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Volume 11 Number 4, Winter 2014, Pages 1-134   


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From the Editor-in Chief

    Andy Kirkpatrick


Dear Readers and Colleagues,
Welcome to the latest issue of the Journal of Asia TEFL.
In this issue we publish five articles. In the opening article Alastair Pennycook argues that successful communication is not so much achieved by the speakers sharing a code or set of norms, but by the way speakers negotiate meaning with each other using their respective linguistic and cultural resources. In order therefore to ensure intelligibility in multilingual contexts, he thus proposes a model of principled polycentrism, a model that is more fluid and flexible than the World Englishes model with its reliance on the established norms of regional varieties.
In the second article, Sotoudehnama and Molavi investigated the influence of teachers' written feedback and their students' attitudes towards it. To this end they studied three groups of twenty learners each. Each group was given a different form of feedback. The authors concluded that feedback in the form of statements was not only the most effective form of feedback, but also the type of feedback that the learners appreciated the most.
The third article is authored by Webb, Doman and Pusey, three scholars from the University of Macau. They conducted research into a ‘flipped classroom' where the students ‘do homework in class and classwork at home.' Despite some scepticism being noted by both students and teachers, the authors report that, by the end of the fifteen week course, students were requesting an increased number of ‘flipped' materials and that a majority of teachers saw the flipped approach as a way of increasing creativity and higher order learning among the learners.
Vu Mai Trang and Pham Thi Thanh Thuy are the authors of the fourth article in this issue. They evaluated two of the train the teacher programmes which are just one part of Vietnam's current attempt to retrain teachers as part of the country's ambitious National Foreign Language 2020 Project. The two courses they studied involved the retraining of primary teachers in preparation for the introduction of English at Grade 3. Based on the self-assessment of the trainees, the authors conclude that, despite the best of ambitions, the training programmes still do not take into adequate account the local contexts and needs of the teachers concerned.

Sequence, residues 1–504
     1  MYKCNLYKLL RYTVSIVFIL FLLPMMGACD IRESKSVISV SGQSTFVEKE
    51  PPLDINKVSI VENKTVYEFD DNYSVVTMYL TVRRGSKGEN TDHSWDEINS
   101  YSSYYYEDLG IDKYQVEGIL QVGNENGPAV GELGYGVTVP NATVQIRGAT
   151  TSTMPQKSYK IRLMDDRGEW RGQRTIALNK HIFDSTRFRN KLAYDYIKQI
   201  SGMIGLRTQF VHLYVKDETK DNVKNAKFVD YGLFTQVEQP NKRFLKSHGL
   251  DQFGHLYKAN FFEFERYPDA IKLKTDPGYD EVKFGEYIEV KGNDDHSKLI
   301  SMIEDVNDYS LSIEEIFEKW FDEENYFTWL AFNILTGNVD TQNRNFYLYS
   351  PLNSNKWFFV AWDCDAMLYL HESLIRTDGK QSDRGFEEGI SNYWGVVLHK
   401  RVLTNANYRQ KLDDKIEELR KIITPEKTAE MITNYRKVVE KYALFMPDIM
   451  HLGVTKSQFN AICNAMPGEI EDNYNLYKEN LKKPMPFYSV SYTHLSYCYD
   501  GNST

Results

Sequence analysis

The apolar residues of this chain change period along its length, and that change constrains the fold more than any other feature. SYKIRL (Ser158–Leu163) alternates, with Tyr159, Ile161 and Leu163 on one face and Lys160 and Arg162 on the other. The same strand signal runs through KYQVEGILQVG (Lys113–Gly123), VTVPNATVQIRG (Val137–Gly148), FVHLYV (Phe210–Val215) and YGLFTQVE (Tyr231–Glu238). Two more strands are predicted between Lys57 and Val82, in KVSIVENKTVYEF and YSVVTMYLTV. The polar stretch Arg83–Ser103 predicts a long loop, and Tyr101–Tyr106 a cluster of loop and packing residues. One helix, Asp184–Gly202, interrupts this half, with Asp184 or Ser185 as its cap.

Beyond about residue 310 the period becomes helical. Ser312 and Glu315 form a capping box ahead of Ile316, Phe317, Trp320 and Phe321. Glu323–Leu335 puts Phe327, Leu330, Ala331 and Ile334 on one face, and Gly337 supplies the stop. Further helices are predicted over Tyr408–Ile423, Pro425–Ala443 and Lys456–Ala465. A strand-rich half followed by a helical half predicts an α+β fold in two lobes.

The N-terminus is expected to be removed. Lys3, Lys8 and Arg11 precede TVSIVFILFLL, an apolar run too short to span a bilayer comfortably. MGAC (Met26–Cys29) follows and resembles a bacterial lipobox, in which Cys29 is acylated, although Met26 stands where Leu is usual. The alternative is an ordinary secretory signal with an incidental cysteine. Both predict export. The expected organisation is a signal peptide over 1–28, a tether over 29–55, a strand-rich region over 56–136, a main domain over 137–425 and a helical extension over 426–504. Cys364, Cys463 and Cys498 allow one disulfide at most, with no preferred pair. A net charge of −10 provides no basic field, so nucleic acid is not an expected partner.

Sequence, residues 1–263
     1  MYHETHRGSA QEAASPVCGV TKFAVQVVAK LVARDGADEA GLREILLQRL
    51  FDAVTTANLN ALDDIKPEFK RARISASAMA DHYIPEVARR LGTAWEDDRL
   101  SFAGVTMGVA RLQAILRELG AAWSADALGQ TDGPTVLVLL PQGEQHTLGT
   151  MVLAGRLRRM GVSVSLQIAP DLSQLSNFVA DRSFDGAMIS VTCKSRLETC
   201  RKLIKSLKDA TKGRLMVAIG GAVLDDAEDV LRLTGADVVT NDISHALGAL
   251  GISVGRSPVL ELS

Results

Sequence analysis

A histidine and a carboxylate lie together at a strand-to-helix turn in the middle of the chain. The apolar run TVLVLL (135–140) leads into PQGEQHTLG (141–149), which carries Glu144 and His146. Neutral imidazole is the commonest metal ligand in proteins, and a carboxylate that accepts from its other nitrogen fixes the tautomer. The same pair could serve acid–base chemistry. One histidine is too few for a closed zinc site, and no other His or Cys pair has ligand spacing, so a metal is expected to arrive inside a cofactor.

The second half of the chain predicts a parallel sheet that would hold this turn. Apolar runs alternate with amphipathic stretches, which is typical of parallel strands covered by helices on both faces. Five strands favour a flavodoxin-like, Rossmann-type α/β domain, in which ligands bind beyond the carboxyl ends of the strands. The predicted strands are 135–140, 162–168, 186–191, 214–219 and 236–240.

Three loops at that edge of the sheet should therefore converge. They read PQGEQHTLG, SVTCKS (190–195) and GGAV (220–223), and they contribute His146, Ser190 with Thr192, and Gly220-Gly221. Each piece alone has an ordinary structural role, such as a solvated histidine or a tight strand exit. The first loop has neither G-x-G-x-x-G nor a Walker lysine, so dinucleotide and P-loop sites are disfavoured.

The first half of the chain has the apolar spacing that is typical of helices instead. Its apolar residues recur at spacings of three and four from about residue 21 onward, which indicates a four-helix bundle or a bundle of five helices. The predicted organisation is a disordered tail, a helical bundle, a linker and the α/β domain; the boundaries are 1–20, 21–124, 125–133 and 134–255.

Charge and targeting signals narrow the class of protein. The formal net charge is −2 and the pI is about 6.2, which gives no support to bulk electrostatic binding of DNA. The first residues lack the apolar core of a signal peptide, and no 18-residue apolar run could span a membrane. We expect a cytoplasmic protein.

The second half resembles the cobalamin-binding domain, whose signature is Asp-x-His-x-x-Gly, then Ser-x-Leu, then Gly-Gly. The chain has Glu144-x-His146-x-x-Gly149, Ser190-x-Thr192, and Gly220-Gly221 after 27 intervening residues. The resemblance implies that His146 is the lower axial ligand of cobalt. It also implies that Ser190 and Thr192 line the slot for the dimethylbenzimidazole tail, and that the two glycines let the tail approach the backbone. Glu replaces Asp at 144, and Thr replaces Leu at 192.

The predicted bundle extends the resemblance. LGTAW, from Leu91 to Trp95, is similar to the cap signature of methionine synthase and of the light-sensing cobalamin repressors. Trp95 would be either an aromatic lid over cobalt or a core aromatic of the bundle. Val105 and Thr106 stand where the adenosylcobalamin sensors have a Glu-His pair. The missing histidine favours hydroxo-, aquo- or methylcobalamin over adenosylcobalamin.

The final article in this issue investigates the issue of critical literacy in the EFL classroom. Jun-min Kuo studied how 34 non-English majors in their first year of university study react to activities designed to develop their critical literacy and how the students compared these new activities with earlier activities. Using a variety of methods including classroom observation and followup interviews with the students, the researcher found that the new learning tasks helped the students develop a critical perspective and concludes that such activities are crucial in helping Taiwanese learners develop much needed critical perspectives.
As many of you may know, this year we are preparing the journal for SSCI-indexing. It is all the more important therefore that we continue to receive high quality submissions from our members and readers.
Finally, on behalf of the editorial team, may I wish all of you season's greetings and a happy new year, both lunar and calendar.

Australia, December 2014
Andy Kirkpatrick
Editor-in-Chief